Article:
Our cells need sugar for energy, so our liking for the sweet stuff does make perfect sense. Unfortunately the amount of sugar consumed, and our ease of access has changed dramatically and over the centuries it has changed from being a luxury item to one regarded by many as a necessity.

On average, we consume around 100grams to 150grams of sugar each day and sugars can be found in numerous healthy fruits and vegetables. The sugars that are ‘hidden’ in processed foods are causing much greater concern. These are called free sugars and include glucose, fructose and monosaccharaides and disaccharides, as well as those naturally found in honey, fruit juice, syrups and fruit concentrates.

Recent guidelines issued by the World Health Organization recommend that everyone reduce their intake of free sugars to less than 10% of their daily energy consumption. This would mean eating roughly 50 grams of sugar each day. The WHO would like to see this level reduced even further to just 5% of daily intake, in order to provide greater health benefits, not to mention the beneficial effects on your teeth.

One of the problems with sugar is its low satiety value; in other words, drinking a can of sugar-laden fizzy drink just won’t fill you up, in spite of the calories consumed. In addition, sugar causes insulin levels to spike. Insulin tells the body when to store fat and blocks the hormone responsible for telling you when you are full. As a result there is an association between sugar consumption and Type II diabetes, a disease that is becoming increasingly prevalent in developed countries.

Cutting down on sugar can only be a good thing and if you read the food labels you’ll soon find out just where it is hiding.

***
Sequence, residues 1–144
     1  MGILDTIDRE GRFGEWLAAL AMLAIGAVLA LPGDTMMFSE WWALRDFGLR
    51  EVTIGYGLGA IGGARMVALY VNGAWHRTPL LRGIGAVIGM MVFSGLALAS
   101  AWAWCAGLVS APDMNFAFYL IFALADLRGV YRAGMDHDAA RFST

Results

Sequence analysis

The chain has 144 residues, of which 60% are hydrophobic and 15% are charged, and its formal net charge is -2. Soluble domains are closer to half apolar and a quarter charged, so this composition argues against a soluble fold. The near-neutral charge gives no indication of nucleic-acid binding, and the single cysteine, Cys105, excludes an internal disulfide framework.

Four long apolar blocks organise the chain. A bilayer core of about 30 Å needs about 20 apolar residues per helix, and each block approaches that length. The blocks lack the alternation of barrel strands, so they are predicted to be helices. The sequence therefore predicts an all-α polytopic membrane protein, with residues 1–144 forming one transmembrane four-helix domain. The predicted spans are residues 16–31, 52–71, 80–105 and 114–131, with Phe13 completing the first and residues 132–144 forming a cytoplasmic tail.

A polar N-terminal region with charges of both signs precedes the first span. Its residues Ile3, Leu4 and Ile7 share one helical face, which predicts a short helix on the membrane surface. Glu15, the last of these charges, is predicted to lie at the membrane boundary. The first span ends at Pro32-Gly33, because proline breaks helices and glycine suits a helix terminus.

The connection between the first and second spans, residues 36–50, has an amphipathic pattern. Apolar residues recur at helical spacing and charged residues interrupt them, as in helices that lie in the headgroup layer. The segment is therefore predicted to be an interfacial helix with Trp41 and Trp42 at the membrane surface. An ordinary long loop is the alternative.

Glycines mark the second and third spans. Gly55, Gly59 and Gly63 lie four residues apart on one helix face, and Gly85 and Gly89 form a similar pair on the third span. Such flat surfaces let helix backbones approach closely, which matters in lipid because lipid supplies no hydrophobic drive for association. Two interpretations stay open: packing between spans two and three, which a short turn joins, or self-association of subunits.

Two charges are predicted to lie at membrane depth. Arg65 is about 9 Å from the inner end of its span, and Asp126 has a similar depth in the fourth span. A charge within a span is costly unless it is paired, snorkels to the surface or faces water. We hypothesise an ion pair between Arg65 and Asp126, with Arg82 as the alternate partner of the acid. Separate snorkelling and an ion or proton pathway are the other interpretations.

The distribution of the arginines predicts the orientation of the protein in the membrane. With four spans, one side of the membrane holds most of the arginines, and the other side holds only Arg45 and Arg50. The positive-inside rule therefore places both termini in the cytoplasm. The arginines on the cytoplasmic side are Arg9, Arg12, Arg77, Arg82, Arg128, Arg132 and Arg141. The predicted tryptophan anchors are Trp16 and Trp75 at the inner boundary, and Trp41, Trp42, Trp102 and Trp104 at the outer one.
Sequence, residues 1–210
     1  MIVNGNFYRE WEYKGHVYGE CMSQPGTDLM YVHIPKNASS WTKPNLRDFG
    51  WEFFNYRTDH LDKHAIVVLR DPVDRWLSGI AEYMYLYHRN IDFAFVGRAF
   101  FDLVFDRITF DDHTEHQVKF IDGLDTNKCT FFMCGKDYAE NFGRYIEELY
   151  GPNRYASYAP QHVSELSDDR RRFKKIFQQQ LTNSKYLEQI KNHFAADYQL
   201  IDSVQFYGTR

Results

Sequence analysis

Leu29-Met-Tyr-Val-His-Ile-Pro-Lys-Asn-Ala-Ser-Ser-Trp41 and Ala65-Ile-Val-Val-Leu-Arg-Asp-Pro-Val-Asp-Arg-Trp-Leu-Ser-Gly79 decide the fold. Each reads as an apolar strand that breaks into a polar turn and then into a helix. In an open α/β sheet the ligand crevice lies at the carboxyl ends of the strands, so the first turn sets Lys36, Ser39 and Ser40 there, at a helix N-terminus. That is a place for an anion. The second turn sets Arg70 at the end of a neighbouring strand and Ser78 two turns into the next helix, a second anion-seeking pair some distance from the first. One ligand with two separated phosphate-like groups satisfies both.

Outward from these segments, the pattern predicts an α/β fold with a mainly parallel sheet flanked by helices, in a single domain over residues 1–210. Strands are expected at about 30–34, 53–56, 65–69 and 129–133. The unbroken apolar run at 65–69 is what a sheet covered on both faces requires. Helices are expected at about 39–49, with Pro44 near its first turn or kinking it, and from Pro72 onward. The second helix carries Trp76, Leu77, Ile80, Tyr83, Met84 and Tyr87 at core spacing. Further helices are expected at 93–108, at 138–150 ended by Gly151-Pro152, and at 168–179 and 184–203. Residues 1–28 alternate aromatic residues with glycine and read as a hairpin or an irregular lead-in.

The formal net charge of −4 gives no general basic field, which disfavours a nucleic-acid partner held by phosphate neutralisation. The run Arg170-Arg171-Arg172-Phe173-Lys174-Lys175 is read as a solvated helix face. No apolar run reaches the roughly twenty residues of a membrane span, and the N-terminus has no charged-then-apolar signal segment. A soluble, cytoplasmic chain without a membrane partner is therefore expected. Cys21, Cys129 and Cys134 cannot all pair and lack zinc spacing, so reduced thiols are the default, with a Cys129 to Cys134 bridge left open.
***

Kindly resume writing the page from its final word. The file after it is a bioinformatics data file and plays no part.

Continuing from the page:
1 cup coconut milk
1 cup water
1/3 cup melted coconut oil
1 cup jasmine rice
½ tsp sea salt
2 tbsp tamari or coconut amimos
1 tbsp Sriracha
3 peeled and cubed sweet potatoes
1 tbsp melted coconut oil
1 tsp toasted sesame oil
1 tsp paprika
1 cup coconut flakes, unsweetened
1 bunch lactino kale, sliced into strips with ribs removed
1/2 pounds salmon, divided into 4 fillets


  1. Rinse rice in cold water and drain and place in saucepan with water, salt and coconut milk. Bring to a boil, stir, reduce heat and cook on a gentle simmer for 15 minutes. Remove from heat and allow to stand for at least 10 minutes, or until ready serve.
  2. Preheat oven to 400oF or 200o Combine sesame oil, Sriracha, coconut aminos and melted coconut oil by shaking vigorously in a lidded jar until the mixture is thoroughly emulsified.
  3. Put the sweet potatoes on a baking tray and coat with 1 tbsp of melted coconut oil and paprika and cook for 30 minutes until tender.
  4. Put the kale and coconut flakes on a baking sheet and coat with 2/3 or the dressing. Use another 1 or 2 tablespoons of dressing to coat the salmon fillets. Bake the salmon, kale and coconut flakes halfway through the cooking time for the sweet potatoes. Cook until everything is done, taking care not to let the kale burn.
  5. Serve with the jasmine rice and drizzle with the remaining dressing. Enjoy!

Serves 4